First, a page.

This site is intended for Healthcare professionals only.

Unusual presentation of Kawasaki disease with bloody diarrhea and acute renal failure

Unusual presentation of Kawasaki disease with bloody diarrhea and acute renal failure

This is a case of an unusual presentation of Kawasaki Disease presenting as bloody diarrhea and acute renal failure. These have been increasingly reported to jeopardize the timely diagnosis and proper treatment. As there is not yet available blood test to diagnose it, low threshold should be taken into account for considering KD, when the clinical criteria are not typical. KD with renal manifestations is infrequently described.

A two and half year old child, with no medical issues in the past was admitted in the hospital with three days history of fever and bloody diarrhea. There was no history of vomiting. On examination child was looking unwell but nontoxic with high fever. He was hyperventilating. His throat was red and congested, left tympanic membrane was red and left upper cervical lymph node was enlarged of 2×1.5 cm size, firm, tender on palpation. There were signs of dehydration, blood pressure was normal, he was tachycardic and peripheries were cold. There were no signs of meningeal irritation. There were no skin rashes or any changes in the oral mucosa; abdomen was soft with no organomegaly. His height and weight were on the 50th centile.

The initial investigations revealed hemoglobin of 12 g/dL, white cell count 11,000/mm3 (polymorphs 78%, lymphocyte 20%, and monocytes 2%) platelet 120,000/mm3, C-reactive protein 246 mg/L, blood gas analysis revealed metabolic acidosis with respiratory alkalosis and pH 7.2, bicarbonate 13 and PCo2 30. Renal biochemistry was altered with sodium 127 mmol/L, potassium 3 mmol/L, blood urea 13.8 mmol/L and creatinine 91 mmol/L. Blood salicylate level was normal and blood ammonia level was also normal. Ultrasound of the neck reported as inflammatory lymphadenopathy.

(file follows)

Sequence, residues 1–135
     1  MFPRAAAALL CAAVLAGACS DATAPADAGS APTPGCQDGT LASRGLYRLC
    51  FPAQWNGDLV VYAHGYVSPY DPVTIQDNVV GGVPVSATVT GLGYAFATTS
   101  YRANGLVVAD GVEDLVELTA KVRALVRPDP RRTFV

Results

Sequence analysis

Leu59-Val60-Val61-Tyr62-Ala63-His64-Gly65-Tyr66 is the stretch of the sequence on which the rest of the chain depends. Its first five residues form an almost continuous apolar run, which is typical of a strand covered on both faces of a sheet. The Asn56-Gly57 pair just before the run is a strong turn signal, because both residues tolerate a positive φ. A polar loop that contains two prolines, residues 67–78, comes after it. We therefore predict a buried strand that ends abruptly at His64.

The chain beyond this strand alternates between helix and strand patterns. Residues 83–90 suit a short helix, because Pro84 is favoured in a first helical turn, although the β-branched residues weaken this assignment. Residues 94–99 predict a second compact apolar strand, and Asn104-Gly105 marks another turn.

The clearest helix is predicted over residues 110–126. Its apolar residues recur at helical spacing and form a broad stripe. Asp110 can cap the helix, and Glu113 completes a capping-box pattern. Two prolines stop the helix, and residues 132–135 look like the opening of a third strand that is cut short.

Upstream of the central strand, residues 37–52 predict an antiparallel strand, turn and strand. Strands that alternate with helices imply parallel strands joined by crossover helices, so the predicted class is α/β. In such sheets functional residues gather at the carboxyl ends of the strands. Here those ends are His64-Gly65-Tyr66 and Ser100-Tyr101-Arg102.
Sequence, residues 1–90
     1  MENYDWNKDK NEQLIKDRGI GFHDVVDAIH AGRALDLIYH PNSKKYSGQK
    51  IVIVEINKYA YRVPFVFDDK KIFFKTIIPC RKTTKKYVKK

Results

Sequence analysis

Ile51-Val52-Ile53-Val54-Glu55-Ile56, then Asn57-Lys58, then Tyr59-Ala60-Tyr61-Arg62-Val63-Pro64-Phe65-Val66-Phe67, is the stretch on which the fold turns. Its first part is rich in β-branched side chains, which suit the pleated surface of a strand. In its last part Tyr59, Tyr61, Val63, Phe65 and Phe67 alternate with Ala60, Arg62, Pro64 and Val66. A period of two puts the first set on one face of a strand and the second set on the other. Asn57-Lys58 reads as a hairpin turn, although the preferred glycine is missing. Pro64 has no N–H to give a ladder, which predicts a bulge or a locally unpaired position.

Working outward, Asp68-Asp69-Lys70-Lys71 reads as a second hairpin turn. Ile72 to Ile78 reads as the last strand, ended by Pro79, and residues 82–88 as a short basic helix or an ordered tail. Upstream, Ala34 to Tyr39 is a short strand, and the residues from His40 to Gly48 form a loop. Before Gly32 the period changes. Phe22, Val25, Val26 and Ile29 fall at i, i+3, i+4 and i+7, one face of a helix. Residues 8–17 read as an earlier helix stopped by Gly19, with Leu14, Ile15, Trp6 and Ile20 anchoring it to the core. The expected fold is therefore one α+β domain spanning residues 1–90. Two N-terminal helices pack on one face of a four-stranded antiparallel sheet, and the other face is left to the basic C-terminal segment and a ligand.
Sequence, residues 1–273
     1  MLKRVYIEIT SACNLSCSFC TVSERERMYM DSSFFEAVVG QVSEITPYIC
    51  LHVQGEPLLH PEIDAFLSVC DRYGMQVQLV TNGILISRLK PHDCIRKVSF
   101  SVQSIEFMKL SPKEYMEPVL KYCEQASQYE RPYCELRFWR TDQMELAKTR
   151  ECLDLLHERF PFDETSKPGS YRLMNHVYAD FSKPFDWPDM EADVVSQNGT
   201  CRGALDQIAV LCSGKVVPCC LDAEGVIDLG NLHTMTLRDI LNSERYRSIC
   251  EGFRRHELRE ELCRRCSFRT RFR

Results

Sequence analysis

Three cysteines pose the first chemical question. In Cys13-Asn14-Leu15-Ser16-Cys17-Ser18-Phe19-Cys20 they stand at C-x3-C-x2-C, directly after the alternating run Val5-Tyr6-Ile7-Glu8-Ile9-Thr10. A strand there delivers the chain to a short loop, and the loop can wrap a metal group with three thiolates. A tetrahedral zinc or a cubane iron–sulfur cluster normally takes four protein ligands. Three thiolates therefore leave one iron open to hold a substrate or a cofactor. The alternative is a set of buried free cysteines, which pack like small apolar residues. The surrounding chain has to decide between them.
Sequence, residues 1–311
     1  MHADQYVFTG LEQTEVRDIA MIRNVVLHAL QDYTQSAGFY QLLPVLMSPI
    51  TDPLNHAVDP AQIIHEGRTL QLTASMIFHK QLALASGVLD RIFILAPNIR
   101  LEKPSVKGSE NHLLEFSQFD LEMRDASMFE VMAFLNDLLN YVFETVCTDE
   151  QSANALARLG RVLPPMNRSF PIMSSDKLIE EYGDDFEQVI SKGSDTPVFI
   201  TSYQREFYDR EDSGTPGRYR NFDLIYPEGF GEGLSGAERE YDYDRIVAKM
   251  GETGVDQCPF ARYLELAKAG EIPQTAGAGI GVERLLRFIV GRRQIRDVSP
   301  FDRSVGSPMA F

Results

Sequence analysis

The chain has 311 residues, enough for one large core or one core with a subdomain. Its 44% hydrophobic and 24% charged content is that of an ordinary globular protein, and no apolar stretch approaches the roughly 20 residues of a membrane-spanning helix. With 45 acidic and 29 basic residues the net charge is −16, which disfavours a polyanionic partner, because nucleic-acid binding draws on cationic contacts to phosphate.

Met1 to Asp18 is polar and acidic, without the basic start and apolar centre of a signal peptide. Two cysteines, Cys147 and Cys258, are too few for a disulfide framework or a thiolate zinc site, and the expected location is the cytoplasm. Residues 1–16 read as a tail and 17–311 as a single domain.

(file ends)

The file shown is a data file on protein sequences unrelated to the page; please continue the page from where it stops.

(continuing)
Initial management was with fluid replacement and empirical antibiotics. The following day after admission, child became oliguric and puffy, urine output decreased despite an adequate amount of fluid administration and the high fever continued. Blood pressure was 99/76 mmHg on the 99th centile and he gained 300 g more of weight.

Urine analysis showed 10-12 pus cells/HPF and few RBC and urine culture was sterile, Ultrasound scan of the abdomen revealed kidneys of increased echogenicity with no mesenteric lymphadenopathy.